Assessing Impact of cCMV Infection on Development and Language in Infants Identified by a Universal Screening Program

Lifelong disabilities are caused by congenital cytomegalovirus (cCMV) infection; thus, there is a need to develop data-driven, rational newborn screening and intervention policies. The practice of targeted screening for cCMV – based on signs and symptoms of disease (included a failed newborn hearing screen) at birth – has been advocated by many groups. However, many cases of cCMV-associated sensorineural hearing loss (SNHL) become clinically and audiologically evident only beyond the neonatal period, and
hence would be missed by targeted screening. Thus, universal screening for cCMV has been advocated by many, toward the goals of identifying infants at risk for SNHL (who might otherwise be missed) and offering early intervention to prevent the attendant speech, language and academic achievement deficits.

Our overarching hypothesis is that cCMV causes unrecognized disability in the context of SNHL that goes undetected, and unrecognized, subtle but important cognitive impairment in infants that has heretofore been considered ‘asymptomatic’. We will take advantage of a unique universal cCMV screening project currently ongoing in Minnesota to address these unmet needs and generate new knowledge about the scope of the impact of cCMV infection on SNHL and development. We will examine the impact of increased early identification and intervention on the language and developmental outcomes of children with cCMV infection and SNHL in our universal screening cohort.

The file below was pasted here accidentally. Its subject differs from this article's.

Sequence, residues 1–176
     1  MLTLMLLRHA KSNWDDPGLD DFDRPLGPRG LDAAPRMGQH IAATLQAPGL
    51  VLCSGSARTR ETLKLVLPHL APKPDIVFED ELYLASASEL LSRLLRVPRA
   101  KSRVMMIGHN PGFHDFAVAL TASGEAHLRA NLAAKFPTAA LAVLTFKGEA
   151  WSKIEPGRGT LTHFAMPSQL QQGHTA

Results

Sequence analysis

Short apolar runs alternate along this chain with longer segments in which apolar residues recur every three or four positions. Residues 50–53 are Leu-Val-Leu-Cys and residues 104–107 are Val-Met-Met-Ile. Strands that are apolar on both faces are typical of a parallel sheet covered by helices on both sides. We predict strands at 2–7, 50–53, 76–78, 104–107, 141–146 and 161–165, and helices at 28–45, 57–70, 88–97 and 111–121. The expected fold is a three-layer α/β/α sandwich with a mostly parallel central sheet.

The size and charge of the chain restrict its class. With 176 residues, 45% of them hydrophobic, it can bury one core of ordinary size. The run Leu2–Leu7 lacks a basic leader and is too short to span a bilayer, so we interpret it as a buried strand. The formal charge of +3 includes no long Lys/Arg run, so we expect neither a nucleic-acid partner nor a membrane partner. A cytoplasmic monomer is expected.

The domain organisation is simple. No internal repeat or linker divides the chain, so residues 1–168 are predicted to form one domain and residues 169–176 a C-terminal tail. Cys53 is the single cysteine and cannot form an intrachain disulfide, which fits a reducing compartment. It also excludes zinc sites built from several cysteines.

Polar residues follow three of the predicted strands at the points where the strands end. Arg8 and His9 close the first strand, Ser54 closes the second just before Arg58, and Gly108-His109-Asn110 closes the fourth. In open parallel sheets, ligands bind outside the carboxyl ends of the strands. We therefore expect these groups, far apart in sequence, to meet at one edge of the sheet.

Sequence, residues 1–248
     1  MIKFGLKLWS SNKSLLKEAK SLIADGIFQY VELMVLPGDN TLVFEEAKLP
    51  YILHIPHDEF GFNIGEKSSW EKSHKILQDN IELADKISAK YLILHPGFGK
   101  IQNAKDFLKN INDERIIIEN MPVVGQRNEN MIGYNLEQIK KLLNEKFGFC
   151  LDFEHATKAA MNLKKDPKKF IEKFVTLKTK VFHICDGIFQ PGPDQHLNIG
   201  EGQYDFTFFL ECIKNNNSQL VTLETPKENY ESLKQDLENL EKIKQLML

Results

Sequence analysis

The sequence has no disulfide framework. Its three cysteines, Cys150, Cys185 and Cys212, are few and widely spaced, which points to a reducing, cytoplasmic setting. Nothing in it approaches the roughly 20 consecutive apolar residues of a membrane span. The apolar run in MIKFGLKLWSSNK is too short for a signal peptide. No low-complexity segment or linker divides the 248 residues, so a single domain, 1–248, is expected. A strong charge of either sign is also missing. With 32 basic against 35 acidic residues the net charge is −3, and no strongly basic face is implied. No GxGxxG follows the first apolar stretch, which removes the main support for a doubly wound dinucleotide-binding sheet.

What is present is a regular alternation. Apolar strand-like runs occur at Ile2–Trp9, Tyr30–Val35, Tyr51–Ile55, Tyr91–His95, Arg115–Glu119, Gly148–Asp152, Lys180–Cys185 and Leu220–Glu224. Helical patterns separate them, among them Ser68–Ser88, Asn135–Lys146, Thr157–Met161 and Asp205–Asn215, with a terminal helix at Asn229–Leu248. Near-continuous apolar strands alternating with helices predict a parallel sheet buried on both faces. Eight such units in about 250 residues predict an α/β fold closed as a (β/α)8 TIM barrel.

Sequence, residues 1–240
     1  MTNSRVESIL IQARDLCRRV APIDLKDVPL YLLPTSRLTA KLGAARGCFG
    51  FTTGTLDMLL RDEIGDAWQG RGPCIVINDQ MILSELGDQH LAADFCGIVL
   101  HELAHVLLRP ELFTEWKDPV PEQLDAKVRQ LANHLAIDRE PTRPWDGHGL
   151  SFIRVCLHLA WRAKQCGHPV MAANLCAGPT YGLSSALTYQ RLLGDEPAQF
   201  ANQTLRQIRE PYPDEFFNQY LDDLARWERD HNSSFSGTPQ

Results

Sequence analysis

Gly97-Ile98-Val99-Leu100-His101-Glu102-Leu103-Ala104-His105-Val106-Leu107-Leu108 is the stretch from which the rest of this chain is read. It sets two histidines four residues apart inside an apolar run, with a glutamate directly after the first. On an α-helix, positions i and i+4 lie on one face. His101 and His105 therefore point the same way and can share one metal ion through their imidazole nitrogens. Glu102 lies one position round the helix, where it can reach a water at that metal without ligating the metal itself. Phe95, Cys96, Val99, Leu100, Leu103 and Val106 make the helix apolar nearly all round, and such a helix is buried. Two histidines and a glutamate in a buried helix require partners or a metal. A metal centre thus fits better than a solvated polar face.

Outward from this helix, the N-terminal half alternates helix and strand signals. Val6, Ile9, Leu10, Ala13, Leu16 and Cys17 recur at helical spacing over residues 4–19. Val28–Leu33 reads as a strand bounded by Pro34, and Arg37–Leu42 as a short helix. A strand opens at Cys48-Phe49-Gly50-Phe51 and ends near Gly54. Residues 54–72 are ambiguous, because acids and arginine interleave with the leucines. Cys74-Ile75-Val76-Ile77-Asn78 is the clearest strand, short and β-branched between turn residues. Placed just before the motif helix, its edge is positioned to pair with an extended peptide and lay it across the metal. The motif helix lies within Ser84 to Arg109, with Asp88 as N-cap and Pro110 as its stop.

A surveillance system will be established that will track the impact of cCMV-associated hearing loss in children for 3 years. This will provide information regarding hearing loss remediation method, prevalence on delayed-onset and progressive hearing loss in children, and long-term academic and educational outcomes. This work will be done in collaboration with the Minnesota Department of Health Early Hearing Detection and Intervention surveillance program.

We will also assess neurodevelopmental consequences of cCMV infection in partnership with the Center for Neurobehavioral Development at the UMN. Electrophysiologic and behavioral data will be obtained, as well as determination of Bayley Scales of Infant Development. Metrics will include developmental and language outcomes (IQ score, receptive and expressive language scores, reading score, documentation of academic achievements and impact of early childhood intervention).